Kindred Group has been running a private bug bounty programme since November 2017. Approximately a month ago, we took the next step in our bug bounty journey by going public. We’re taking a step back to look at what has been done and why we have done it.
What is a bug bounty programme?
The internet is a place where a lot of different people co-exist. There are people with malicious intentions, who will try to find ways of exploiting your applications and sites. There are also a lot of people with good intentions, who try to find possible vulnerabilities and report them to the companies behind the applications. That is where a Bug Bounty programme comes in.
A bug bounty programme is a way for ethical hackers to report security vulnerabilities to a company in a controlled manner. As a sign of gratitude, the company can reward swag or money to the ethical hacker for the time spent.
Kindred Group’s Bug Bounty Programme
Kindred’s Bug Bounty Programme launched in November 2017 as a private programme. The main reason for launching this was to get a broader and more extensive security testing of our sites and applications. A community is stronger than one individual. That is also true when it comes to Security.
When launching Bug Bounty, we wanted to aim for the perfect amount of scope, or ‘Lagom scope’, as said in Swedish. So we decided to go with our main site and include all of the subdomains *unibet.com. We wanted to be sure that we could provide the bug bounty researchers with the best possible experience of reporting issues to our program, hence the smaller scope.
We invited around 20-30 Hackers to our private programme and our first valid finding was submitted 6 days after the launch. Since then, we received around 140 valid reports and increased our scope by 1300% by including native apps and more brands. We also made our programme more attractive to the best security researchers by increasing the bounty payouts by 70%.
Captain Hindsight, reporting for service!
Do your preparations
Before launch, we were rather confident that our internal processes would work well to handle any reports coming in through the bug bounty programme.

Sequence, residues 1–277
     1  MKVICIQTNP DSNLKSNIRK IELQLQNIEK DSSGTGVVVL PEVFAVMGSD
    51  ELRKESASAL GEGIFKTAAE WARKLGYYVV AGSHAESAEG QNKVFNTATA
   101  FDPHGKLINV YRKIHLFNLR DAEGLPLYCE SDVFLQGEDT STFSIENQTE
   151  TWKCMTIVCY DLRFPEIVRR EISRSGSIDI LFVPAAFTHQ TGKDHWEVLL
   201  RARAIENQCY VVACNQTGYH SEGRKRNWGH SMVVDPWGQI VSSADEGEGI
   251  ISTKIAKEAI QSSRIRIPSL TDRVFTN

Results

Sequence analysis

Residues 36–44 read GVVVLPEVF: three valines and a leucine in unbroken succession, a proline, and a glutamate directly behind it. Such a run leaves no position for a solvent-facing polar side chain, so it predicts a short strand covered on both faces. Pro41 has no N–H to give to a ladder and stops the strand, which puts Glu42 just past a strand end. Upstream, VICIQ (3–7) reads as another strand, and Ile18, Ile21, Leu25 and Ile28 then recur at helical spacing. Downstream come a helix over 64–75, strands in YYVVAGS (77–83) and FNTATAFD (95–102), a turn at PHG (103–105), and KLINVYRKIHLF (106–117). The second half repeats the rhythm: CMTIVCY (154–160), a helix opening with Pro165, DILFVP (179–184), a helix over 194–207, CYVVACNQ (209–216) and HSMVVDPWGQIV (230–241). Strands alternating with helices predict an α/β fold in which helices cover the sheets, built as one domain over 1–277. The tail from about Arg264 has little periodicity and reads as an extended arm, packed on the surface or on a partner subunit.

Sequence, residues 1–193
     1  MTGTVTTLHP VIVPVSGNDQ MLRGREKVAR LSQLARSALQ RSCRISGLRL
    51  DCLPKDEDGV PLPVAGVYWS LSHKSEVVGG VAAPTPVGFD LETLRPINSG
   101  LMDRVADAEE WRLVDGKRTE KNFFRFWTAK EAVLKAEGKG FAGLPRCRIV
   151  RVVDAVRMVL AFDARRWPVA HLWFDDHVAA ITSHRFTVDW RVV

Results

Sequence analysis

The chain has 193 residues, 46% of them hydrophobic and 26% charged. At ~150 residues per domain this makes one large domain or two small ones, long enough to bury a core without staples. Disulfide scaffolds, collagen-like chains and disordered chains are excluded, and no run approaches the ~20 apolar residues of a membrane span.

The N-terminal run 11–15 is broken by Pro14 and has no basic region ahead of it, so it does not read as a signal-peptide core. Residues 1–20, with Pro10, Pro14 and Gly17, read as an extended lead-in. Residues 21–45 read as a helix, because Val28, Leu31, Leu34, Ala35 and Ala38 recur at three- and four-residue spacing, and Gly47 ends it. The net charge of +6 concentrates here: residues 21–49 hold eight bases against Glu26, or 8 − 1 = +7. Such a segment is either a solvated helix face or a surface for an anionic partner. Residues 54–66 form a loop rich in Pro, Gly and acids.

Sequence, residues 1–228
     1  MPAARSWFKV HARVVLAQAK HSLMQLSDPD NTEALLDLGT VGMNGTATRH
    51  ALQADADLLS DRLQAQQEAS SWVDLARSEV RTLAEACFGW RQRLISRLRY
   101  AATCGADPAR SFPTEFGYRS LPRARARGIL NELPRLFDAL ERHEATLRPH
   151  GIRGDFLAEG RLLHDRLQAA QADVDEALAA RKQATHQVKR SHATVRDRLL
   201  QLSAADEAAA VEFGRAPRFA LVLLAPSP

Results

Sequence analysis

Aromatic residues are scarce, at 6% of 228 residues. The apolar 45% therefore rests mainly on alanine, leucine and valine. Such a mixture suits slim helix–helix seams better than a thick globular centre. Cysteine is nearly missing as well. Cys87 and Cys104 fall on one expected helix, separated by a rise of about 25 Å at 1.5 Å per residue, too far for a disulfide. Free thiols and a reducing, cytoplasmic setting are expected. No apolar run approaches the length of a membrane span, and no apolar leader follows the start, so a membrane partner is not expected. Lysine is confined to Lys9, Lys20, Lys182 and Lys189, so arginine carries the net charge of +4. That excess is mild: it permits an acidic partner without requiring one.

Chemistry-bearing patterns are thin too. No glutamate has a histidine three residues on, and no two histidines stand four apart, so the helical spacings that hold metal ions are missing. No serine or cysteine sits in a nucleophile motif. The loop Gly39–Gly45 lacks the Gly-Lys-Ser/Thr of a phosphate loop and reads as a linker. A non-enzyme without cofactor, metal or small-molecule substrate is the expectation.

It turned out our initial process worked in around 50% of the times: if the internal ticket has been assigned to the correct team and placed into their backlog within 1 business day, then the ticket is prioritised according to the severity. We had to go back to the drawing board to agree on a new process, later communicated to all of our tech department. In short, we injected these tickets alongside regular bugs to piggyback on an already existing process built to receive tickets on a regular basis. The success rate is now 95%.
All in all, we learned that we should have been clearer with our expectations, but also more diligent when reviewing and relying on an old process
Deciding on the initial scope and how it can be approved is crucial. We’ve always tried to have as much scope as possible. Some things, however, can't easily be made in scope: mainly assets related to third parties that we have very little control over. As a result, we are now working on pushing more security requirements towards the third parties, such as forcing them to acknowledge responsible disclosure of vulnerabilities and the existence of our bug bounty programme.
It's important to find a sweet spot of what your initial scope should be. In our case, it was *unibet.com. While starting out with a wildcard domain is not suitable for all programmes, for us, it worked out well. We still try to have as much scope as possible, as malicious hackers don’t care if things are out of scope or not. We’d highly recommend this for all programmes. The same philosophy should be applied to anything that is related to third parties.
Friendly and responsive
Although we’re using HackerOne's triage services to help us handle all the reports, we’ve also tried to be responsive and transparent towards the security researcher. There have been situations where we didn’t quite do our best on this, but are working on it constantly.
Being friendly and responsive, but also transparent towards security researchers will generate a good feeling about your programme and make them more loyal. In other words, they will come back to your programme to try and find more vulnerabilities. In the end, it all comes down to the golden rule of ‘treating others as you want to be treated’. Having bounty hunters who manage the programme internally in their spare time is a big plus.
When we went public there was an initial rush of tickets, as expected. It’s very important that your internal team is prepared to handle them and other teams who may be impacted are notified (developers and infrastructure teams). This includes having a clear scope and policies: what assets are in scope vs out of scope and what type of bugs are out of scope.
This will help the team triage the new tickets coming in and make sure they are handled correctly. This will also speed up the response time of the security researcher submitting reports. Going pubic has been a great experience; some reports made us scratch our heads in a good way.
We build on trust
One of our values here at Kindred Group is - We Build On Trust.
Security isn't just a thing that you tick off once a year - it’s something that needs continuous work. By having a public programme, we would like to show that we take trust and security very seriously. We encourage security researchers all around the world to help us protect our customers and assets.